Hooked presents a model for designers to create products that “hook” people in, that is makes them not only use your product once, but keep returning over and over. The book presents a pretty actionable model of how to progress in design, when to reward a user and when to ask for investments from the user. There are no new tech insights in this book, but for designers of any kind of product it’s pretty interesting.
He starts out by defining habits as the things that not necessarily make you feel good when doing them, but make you feel bad when you do.
The crux is that he combines the knowledge about habits with investments, that is a user actively doing something with the product. Investments are important because initial intrigue alone is not enough. The user needs to invest in order to create internal motivation that keeps them coming back.
The book is certainly interesting and if you’re into gamification or social media there’s plenty of food for thought in this book. However while the ideas are good and clearly communicated the book does tend to drag a bit. He gives A LOT of examples which is probably good if you know very little about technology, but I quickly started skimming over large chunks. If you know just a little bit about technology you can quickly see how it applies to tinder or twitter and you don’t need seven examples to expand on that.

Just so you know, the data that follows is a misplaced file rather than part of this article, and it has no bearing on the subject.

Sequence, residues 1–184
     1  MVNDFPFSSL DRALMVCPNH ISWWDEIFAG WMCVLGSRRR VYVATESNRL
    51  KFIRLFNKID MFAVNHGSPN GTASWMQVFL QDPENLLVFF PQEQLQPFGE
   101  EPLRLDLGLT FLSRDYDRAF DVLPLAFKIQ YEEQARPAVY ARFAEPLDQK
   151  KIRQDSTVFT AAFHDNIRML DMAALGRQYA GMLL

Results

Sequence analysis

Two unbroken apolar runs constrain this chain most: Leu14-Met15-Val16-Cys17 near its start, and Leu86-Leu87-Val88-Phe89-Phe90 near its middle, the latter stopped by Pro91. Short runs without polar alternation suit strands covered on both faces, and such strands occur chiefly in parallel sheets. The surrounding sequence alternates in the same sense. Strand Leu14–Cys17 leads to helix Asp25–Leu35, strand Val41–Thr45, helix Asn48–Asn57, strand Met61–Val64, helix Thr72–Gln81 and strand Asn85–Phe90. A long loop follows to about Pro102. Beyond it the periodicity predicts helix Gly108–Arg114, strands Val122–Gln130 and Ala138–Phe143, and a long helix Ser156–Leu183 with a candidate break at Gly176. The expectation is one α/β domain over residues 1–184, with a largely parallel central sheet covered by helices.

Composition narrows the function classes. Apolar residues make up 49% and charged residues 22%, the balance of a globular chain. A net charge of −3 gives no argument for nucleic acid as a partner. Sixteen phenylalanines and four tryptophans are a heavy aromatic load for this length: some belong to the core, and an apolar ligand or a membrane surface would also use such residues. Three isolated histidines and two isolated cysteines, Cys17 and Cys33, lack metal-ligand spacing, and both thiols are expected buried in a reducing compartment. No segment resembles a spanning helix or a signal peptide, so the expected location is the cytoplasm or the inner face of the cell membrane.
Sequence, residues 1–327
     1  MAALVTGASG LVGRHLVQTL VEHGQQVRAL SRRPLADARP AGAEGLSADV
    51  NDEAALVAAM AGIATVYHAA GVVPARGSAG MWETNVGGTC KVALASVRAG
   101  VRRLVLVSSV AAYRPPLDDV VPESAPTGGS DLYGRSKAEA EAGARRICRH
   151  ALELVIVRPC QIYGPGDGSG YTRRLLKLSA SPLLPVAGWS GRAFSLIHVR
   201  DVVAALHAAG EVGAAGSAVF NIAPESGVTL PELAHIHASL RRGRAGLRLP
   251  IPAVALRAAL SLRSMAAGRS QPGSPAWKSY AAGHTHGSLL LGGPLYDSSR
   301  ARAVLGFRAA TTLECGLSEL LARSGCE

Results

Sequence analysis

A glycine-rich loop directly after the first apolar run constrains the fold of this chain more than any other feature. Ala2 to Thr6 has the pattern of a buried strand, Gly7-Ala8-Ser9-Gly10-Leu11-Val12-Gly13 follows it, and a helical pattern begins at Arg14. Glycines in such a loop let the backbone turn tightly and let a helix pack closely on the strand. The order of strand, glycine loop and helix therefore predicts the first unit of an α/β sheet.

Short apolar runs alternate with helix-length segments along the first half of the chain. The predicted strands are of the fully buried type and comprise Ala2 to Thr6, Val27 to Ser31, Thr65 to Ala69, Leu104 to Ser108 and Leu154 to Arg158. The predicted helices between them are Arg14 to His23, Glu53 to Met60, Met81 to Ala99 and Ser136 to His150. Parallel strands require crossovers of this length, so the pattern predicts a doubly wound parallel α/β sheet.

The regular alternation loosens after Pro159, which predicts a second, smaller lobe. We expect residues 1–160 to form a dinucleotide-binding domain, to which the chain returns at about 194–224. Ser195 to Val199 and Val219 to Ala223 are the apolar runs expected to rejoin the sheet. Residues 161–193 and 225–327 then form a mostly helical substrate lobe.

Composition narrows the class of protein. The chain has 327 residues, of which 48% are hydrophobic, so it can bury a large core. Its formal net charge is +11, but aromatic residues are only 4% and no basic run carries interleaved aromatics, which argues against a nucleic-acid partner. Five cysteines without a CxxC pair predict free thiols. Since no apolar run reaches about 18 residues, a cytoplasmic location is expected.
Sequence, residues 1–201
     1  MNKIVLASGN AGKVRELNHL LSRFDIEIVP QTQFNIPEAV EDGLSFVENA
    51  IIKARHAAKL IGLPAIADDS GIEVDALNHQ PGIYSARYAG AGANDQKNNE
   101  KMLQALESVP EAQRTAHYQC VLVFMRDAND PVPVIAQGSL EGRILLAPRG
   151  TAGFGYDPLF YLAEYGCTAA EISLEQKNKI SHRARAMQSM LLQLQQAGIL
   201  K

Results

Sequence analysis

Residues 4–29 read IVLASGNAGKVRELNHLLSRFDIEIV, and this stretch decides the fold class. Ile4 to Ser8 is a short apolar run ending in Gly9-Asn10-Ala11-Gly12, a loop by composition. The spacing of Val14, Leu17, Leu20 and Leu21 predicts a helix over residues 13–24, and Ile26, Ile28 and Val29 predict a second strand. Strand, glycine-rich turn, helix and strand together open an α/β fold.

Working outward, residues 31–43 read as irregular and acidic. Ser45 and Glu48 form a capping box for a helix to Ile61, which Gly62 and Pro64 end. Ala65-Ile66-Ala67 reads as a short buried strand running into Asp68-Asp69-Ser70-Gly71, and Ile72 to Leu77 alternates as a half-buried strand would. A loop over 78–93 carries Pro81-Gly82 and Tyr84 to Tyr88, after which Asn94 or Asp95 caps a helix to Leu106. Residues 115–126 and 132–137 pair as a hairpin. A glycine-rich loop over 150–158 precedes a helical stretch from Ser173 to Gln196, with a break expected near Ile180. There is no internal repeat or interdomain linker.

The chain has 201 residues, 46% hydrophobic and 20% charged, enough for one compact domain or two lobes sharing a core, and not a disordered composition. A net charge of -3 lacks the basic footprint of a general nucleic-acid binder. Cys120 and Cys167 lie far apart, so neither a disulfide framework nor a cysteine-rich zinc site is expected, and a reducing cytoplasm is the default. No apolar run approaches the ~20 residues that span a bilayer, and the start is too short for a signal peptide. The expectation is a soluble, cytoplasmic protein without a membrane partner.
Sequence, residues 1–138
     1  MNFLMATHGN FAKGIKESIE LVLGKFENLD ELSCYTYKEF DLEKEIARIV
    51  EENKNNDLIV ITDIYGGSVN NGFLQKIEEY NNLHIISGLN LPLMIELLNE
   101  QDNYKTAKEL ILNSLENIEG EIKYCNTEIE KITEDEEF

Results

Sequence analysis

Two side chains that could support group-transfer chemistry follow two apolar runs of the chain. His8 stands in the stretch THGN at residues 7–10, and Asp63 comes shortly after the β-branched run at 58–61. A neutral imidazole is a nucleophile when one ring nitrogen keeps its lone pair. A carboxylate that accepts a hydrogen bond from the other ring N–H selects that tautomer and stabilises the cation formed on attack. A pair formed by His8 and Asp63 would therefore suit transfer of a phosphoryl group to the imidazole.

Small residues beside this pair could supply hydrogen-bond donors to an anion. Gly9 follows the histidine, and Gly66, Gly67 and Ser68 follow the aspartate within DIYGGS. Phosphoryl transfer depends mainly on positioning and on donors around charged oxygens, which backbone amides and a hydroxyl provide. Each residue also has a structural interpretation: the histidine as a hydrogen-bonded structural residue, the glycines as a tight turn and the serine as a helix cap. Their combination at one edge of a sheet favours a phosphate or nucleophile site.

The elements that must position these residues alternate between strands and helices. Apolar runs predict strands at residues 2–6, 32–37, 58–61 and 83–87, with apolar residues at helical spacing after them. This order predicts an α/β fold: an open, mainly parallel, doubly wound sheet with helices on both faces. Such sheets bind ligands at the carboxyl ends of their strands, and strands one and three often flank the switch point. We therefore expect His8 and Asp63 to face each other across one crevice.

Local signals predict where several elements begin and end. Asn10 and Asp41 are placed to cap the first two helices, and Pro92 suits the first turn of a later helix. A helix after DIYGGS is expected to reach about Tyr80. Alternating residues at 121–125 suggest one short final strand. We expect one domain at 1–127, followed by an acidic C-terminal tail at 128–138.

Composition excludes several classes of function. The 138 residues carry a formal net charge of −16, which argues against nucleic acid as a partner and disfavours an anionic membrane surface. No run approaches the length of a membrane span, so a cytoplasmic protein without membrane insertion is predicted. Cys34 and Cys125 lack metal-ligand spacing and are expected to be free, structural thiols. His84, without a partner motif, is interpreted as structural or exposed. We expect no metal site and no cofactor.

Now this book does at times discuss the ethics of getting people hooked on your product, but by and large Eyal expects you to want to hook your users – even going so far to draw parallel between users for products and “users” as a slang for people who are addicted to substances, which, I got to admit, gave me pause.
Now you may read this and want to use it for good and by all means go ahead. But for me it really highlighted how often I, as a user of technology, am hooked. I know this clearly when I play farm-games on my phone (WHY CAN’T I QUIT YOU, HAY DAY), but it was striking how the exact same mechanisms are at play when I open facebook first thing in the morning. Ultimately the idea of investing was fascinating to me. Basically it’s the ikea effect: building something/creating something makes us value that thing more. And it’s all about microinvestments, from liking a picture on Instagram, to following someone, to actually create content. Each tiny investment gets us further on the hook. And that’s a pretty sobering thought.